Department of Chemistry & Chemical Biology

MSC03 2060
300 Terrace St. NE
Albuquerque, NM 87131-0001

Physical Location:
Clark Hall

Phone: 505-277-6655

Assistant Professor Candidate Colloquium: Bioinfomatics/Genomics

Photo: Assistant Professor Candidate Colloquium: Bioinfomatics/Genomics

When: Mon Feb 12 2018, 4:00 pm

Where: Clark Hall Room 101

Presented by: Dr. Eda Koculi from Department of Chemistry, University of Central Florida

Mechanism of Action and Physiological Function of DbpA: A Ribosomal RNA Chaperone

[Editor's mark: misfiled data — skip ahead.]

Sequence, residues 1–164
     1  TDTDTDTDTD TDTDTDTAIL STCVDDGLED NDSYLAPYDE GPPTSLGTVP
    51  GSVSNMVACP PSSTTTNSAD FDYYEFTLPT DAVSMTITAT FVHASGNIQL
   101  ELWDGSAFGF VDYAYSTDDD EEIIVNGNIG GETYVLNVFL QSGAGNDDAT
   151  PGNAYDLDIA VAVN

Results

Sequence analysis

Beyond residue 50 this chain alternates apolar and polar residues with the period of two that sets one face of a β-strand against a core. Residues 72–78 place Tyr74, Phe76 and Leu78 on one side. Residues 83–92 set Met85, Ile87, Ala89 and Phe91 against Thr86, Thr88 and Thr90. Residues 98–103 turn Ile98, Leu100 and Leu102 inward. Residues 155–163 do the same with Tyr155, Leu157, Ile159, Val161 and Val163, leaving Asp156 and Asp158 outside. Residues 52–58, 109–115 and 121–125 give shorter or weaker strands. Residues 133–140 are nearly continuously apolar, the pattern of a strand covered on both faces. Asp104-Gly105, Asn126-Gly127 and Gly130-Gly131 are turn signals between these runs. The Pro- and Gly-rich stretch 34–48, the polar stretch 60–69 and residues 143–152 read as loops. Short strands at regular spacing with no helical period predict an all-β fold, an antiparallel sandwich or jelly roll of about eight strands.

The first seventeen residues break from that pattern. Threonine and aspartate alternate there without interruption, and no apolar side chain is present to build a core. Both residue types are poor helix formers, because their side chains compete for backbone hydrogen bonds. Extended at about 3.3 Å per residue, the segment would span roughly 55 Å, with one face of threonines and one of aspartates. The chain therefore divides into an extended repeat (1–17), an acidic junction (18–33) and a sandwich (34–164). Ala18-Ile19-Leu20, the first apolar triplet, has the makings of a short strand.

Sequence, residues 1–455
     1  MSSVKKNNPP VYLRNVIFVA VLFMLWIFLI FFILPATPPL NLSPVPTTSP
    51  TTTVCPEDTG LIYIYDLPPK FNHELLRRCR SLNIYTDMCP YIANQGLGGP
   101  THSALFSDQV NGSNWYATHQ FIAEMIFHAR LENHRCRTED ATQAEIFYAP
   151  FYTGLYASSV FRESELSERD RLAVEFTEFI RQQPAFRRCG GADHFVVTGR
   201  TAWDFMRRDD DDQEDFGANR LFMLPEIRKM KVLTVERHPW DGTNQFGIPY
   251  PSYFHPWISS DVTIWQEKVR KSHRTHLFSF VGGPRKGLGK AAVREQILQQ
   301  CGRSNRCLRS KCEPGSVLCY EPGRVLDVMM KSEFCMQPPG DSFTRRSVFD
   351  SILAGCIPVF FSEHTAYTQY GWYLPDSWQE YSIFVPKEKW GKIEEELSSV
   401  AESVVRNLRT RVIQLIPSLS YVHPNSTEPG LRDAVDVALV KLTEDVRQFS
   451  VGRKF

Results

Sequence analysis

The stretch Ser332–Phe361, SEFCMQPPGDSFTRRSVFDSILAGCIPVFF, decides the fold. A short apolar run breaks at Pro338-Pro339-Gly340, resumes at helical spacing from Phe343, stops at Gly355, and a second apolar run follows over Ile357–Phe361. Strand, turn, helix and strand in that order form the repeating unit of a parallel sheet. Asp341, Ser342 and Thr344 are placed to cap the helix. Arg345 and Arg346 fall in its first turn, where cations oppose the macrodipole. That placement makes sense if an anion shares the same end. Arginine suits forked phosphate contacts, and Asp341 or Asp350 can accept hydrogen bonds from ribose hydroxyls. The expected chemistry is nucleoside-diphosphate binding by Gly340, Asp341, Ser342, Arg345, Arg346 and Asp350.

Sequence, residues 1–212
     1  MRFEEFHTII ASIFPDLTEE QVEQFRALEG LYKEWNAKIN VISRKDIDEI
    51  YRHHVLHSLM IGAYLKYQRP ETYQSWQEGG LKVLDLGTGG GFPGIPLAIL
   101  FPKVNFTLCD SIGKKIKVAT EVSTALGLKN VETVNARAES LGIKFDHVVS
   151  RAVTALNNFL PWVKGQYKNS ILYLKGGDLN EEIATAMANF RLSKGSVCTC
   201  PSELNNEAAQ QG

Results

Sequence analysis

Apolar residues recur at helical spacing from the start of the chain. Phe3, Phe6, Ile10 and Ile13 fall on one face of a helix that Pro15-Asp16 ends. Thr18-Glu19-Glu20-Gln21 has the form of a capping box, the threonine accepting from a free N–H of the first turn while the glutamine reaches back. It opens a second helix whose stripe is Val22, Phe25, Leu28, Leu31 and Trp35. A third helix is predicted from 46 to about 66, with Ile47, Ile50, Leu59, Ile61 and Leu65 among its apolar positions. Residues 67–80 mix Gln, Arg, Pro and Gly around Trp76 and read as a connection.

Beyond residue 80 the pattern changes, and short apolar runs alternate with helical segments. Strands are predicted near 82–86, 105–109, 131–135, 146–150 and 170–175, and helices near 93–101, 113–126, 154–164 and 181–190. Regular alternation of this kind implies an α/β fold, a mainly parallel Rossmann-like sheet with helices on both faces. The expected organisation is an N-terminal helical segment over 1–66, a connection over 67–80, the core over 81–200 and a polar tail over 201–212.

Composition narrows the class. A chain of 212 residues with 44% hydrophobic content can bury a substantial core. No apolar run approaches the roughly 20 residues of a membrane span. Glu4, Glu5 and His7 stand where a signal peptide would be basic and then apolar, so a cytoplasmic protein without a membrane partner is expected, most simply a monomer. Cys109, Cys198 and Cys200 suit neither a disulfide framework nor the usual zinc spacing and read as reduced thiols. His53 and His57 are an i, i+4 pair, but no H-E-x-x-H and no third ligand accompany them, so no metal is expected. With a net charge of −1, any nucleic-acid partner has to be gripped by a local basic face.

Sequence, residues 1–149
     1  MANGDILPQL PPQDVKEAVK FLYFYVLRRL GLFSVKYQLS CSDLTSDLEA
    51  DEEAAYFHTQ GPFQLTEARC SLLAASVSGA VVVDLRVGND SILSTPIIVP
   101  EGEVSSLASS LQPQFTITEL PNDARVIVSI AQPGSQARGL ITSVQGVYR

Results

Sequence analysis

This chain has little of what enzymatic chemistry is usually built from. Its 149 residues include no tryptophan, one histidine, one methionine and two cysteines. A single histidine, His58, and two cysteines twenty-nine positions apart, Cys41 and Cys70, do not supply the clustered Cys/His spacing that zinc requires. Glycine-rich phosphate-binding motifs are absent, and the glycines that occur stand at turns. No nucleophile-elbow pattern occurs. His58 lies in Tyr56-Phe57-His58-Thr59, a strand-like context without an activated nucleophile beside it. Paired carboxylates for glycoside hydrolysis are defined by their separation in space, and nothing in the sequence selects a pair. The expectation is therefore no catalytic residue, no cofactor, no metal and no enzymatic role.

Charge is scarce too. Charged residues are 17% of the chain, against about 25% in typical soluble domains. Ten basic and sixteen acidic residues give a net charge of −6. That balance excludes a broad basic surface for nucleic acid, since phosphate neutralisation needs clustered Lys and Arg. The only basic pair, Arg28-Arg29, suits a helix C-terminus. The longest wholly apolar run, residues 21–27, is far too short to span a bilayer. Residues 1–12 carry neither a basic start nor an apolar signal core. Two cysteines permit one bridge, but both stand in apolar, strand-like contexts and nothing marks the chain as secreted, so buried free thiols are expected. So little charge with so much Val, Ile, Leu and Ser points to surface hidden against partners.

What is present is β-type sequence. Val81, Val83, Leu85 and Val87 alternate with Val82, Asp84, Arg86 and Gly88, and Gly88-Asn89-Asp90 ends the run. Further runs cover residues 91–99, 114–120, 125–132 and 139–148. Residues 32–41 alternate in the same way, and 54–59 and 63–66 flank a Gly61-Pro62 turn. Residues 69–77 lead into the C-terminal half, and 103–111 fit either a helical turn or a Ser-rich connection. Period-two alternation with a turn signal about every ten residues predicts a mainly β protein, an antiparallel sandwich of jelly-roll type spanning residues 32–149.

DbpA is an ATP-dependent RNA helicase that possesses two N-terminal RecA-like domains, which perform the RNA unwinding, and a Cterminal RNA-binding domain that mediates specific tethering of DbpA to hairpin 92 of the Escherichia coli 23S ribosomal RNA. Hairpin 92 is located near the site of peptide bond formation; thus, DbpA acts in a highly conserved region of the ribosome. Previous data using model substrates containing hairpin 92 showed that the substrates support the DbpA protein’s double helix unwinding activity, provided that the double helix had a 3’ end single-stranded region. The 3’ end single stranded region was suggested to be the start site of the DbpA catalytic core double helix unwinding. Our data show that the 3’ end single-stranded region is not required for the DbpA protein’s unwinding activity and that the DbpA protein unwinds a double-helix by directly loading on it. This conclusion has important implications for the role of DbpA during ribosome assembly in vivo: it suggests that during the ribosome assembly process, DbpA could unwind substrates, which are separated from hairpin 92 by space or other macromolecules, by directly loading on those substrates. Moreover, previous studies showed that the expression of helicase inactive R331A DbpA produced the accumulation of a large subunit intermediate particle. We identified two novel large subunit intermediates accumulated in cells expressing R331A DbpA. In addition, we characterized the intermediates structures and kinetics of conversion to 50S large subunit. Our experiments demonstrate the intermediates belong to three different stages of the large subunit ribosome assembly and they rearrange to form the 50S large subunit via three parallel pathways. This is the first time that the existence of multiple pathways of large subunit ribosome assembly was observed experimentally. Last, our RNA structural experiments demonstrate that formation of peptidyltransferase center is the last step of large subunit ribosome assembly, preventing the formation of malfunctioning ribosomes. This conclusion agrees with the data previously gathered on the bacteria and eukaryotic mitochondria ribosome.

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